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Isolated reduction of haematocrit does not compromise in vitro blood coagulation


Iselin, B M; Willimann, P F; Seifert, Burkhardt; Casutt, M; Bombeli, T; Zalunardo, M P; Pasch, T; Spahn, D R (2001). Isolated reduction of haematocrit does not compromise in vitro blood coagulation. British Journal of Anaesthesia, 87(2):246-249.

Abstract

Low haematocrit values are generally well tolerated in terms of oxygen transport but a low haematocrit might interfere with blood coagulation. We thus sampled 60 ml of blood in 30 healthy volunteers. The blood was centrifuged for 30 min at 2000 g and separated into plasma, which contained the platelet fraction, and packed red blood cells. The blood was subsequently reconstituted by combining the entire plasma fraction with a mixture of packed red blood cells, 0.9% saline, so that the final haematocrit was either 40, 30, 20, or 10%. Blood coagulation was assessed by computerized Thrombelastograph analysis. Data were compared using repeated measures analysis of variance and post-hoc paired t-tests with Bonferroni correction. Decreasing the haematocrit from 40 to 10% resulted in a shortening of reaction time (r) and coagulation time (k), and an increase in angle alpha, maximum amplitude (MA) and clot strength (G) (all P<0.02). This pattern represents acceleration of blood coagulation with low haematocrit values. The isolated reduction in haematocrit, therefore, does not compromise in vitro blood coagulation.

Abstract

Low haematocrit values are generally well tolerated in terms of oxygen transport but a low haematocrit might interfere with blood coagulation. We thus sampled 60 ml of blood in 30 healthy volunteers. The blood was centrifuged for 30 min at 2000 g and separated into plasma, which contained the platelet fraction, and packed red blood cells. The blood was subsequently reconstituted by combining the entire plasma fraction with a mixture of packed red blood cells, 0.9% saline, so that the final haematocrit was either 40, 30, 20, or 10%. Blood coagulation was assessed by computerized Thrombelastograph analysis. Data were compared using repeated measures analysis of variance and post-hoc paired t-tests with Bonferroni correction. Decreasing the haematocrit from 40 to 10% resulted in a shortening of reaction time (r) and coagulation time (k), and an increase in angle alpha, maximum amplitude (MA) and clot strength (G) (all P<0.02). This pattern represents acceleration of blood coagulation with low haematocrit values. The isolated reduction in haematocrit, therefore, does not compromise in vitro blood coagulation.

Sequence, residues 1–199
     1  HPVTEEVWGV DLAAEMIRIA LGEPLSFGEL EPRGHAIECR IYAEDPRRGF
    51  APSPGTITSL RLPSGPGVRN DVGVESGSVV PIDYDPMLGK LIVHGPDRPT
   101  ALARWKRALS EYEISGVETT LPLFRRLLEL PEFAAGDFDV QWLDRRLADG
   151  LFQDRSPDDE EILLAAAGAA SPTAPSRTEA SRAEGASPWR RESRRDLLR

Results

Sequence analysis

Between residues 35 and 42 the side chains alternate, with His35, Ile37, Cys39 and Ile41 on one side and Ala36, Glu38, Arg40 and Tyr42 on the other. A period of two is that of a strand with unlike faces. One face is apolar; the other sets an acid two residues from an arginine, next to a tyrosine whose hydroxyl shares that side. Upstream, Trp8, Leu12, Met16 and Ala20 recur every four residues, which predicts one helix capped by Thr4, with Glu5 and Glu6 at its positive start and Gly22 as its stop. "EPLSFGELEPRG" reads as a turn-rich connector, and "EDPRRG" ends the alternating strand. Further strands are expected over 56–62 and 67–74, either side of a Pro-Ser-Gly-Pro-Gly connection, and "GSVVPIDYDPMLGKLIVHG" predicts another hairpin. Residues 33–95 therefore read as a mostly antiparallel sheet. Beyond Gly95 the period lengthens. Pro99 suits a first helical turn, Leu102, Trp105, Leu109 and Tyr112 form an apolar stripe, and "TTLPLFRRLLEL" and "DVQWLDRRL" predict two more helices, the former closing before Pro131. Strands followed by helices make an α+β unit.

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Additional indexing

Item Type:Journal Article, refereed, original work
Communities & Collections:04 Faculty of Medicine > Epidemiology, Biostatistics and Prevention Institute (EBPI)
Dewey Decimal Classification:610 Medicine & health
Language:English
Date:August 2001
Deposited On:07 Jul 2015 08:13
Last Modified:05 Apr 2016 19:18
Publisher:Oxford University Press
ISSN:0007-0912
Free access at:Publisher DOI. An embargo period may apply.
Publisher DOI:https://doi.org/10.1093/bja/87.2.246
PubMed ID:11493497

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